AUGUSTA — Dirigo’s run is over. For now.

The third-seeded Cougars let a nine-point first-half lead slip away Thursday night at Augusta Civic Center. No. 2 Waynflete gradually took control and wiggled away with a 58-51 Western Class C semifinal win.

Gone is a 13-game regional tournament winning streak in this building. For the first time since 2008, there will be a new Western Maine champion after Waynflete and Boothbay collide Saturday night.

“We knew we were playing a tough team tonight and we battled our butts off,” Dirigo coach Travis Magnusson said. “I don’t think a lot of people thought we’d be 18-1 coming into tonight as young as we were. The seniors led this team. They gave us great leadership, and we’re going to be back.”

Dirigo wasn’t done until Travis Frost’s potential game-tying 3-pointer rattled in-and-out with 30 seconds remaining. Riley Robinson’s follow-up also lingered on the rim before taking a Flyers-friendly bounce into the arms of Serge Nyirikamba.

Harry Baker-Connick, Paul Runyambo and Nyirikamba combined to hit four of six free throws in the waning seconds, hoisting Waynflete (19-1) into a regional final for the first time since it faced Oak Grove-Coburn of Vassalboro — a school no longer in existence — in the 1983 Western Class D title game.

“The last 20 seconds, we’re looking at the clock just waiting for it to be all zeroes,” Waynflete senior guard Max Belleau said. “You see (Dirigo) every year, whether they’re beating us or somebody else, they’re definitely there at the end. It feels great to beat that kind of a team.”

Nyirikamba led the Flyers with 17 points. Baker-Connick scored his 12 points all in the second half, including nine in the third quarter, when Waynflete wiped out a 27-23 halftime deficit to take its first lead of the night.

Waynflete was 12-for-17 from the field in the second half while containing Dirigo to 10-of-25 in that span.

“The first half we came out slow. The second half after Coach (Rich Henry) talked to us, we played our game and got more fast break layups,” said Baker-Connick, a sophomore point guard. “They’re a very good team. They’ve won the last four years. After our quarterfinal game practices were more tough, trying to increase to their level.”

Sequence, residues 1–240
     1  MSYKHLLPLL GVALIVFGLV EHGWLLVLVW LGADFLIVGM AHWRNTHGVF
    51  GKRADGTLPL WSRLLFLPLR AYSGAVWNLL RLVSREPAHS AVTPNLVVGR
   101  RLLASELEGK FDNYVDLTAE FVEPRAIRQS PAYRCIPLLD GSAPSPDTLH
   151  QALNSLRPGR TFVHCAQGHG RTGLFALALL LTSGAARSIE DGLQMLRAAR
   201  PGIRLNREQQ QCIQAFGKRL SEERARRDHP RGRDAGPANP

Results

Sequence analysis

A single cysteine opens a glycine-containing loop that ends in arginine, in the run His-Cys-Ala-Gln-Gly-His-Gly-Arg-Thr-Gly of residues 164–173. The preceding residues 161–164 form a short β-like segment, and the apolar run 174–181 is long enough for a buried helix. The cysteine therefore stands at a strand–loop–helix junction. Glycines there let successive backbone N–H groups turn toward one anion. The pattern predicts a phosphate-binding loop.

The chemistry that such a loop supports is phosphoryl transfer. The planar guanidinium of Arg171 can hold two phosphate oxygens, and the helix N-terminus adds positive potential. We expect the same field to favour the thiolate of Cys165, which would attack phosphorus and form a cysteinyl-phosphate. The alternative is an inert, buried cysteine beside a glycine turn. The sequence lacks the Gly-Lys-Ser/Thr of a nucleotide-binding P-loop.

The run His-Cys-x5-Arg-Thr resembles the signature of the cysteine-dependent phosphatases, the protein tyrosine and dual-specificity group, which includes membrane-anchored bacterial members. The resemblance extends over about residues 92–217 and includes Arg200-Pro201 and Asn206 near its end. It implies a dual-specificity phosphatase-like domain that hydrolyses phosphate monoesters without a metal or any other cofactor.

Frost finished with 15 points and Robbie Babb 13 in the final game of their Dirigo careers. Tyler Frost added nine points, all on 3-pointers in a first quarter that saw the Cougars explode to a 19-10 lead.

Waynflete held Dirigo freshman Robinson, who erupted for 23 points in a come-from-behind quarterfinal victory over Old Orchard Beach, to two points, seven rebounds and three steals.

“They’re a great team and they made some plays,” Magnusson said. “We got the shots we wanted that went in-and-out, and that was the difference. We played well. When there were (30 seconds) up there, we had a shot go in and out. If we had another (four) minutes, we very well could have won this game. You never know.”

Dirigo scored the first six points of the night and appeared ready to storm into another championship game.

Waynflete turned it over five times and missed eight of its 12 shots in the opening period. Hunter Ross and Travis Frost’s quickness and intensity caused defensive disruptions, as usual, and the Cougars’ calm on the offensive end led to opportunities inside for Babb and outside for Tyler Frost.

“They came out with a lot of intensity and put us on our heels,” Henry said. “We talk a lot about our athleticism. These guys (Dirigo) are very fundamentally sound and they’re scrappy. They were beating us to every loose ball. They were stripping the ball. After a while I guess we settled down.”

The lead was still nine on two free throws by Robinson with 5:42 left in the half, but Baker-Connick found Mohammed Suja for a 3-pointer and Nyirikamba on a drive to the hoop to give the Flyers wings.

Put-backs by Nyirikamba and Joseph Schnier extended the run to 9-1 before an open 3-pointer and a second-chance hoop by Chad Snowman protected Dirigo’s lead at halftime.

“I think we handled adversity a little better. We were a little shaky at first, but we kind of settled down a little bit, especially compared to last year,” Belleau said of a 2012 semifinal loss to OOB. “It was just focusing on taking our time, moving without the ball and getting some open looks, because we forced it a little bit at the start.”

A brief delay after a hard fall by Belleau preceded Waynflete’s go-ahead basket, another Suja 3-pointer that made it 38-36 with 3:19 to go in the third.

Dirigo tied it twice, on a Babb steal leading to a Travis Frost layup, then on a Ross free throw with one second left that knotted it at 42.

Belleau dished down low to Nyirikamba for a deuce in the opening minute of the fourth, and the Flyers never trailed again.

Nyirikamba had eight points in the fourth quarter, when the Flyers missed only one field goal and went 8-for-13 from the line.

“I think we’ve got resilience. These kids have been in big games in soccer. They’ve been here a couple of times, and you really have to get used to it. For Dirigo it’s almost like a birthright for them,” Henry said. “These guys expect to be in the semifinals. That’s what they’re all about. It’s an unbelievable program. It really took a lot of work on our part.”

In the first two years since Magnusson moved over from the defunct Livermore Falls program to Dirigo, the Cougars are 41-3.

“This is a great experience,” Magnusson said. “Maine high school basketball, you can’t beat it, the atmosphere tonight and everything.

And if you have any chance to beat Dirigo with this festive backdrop, at this time of year, by golly, you’d better take advantage.

“I don’t think we could have played worse in the first quarter given the atmosphere and the magnitude of the game, but we bounced back,” Henry said.

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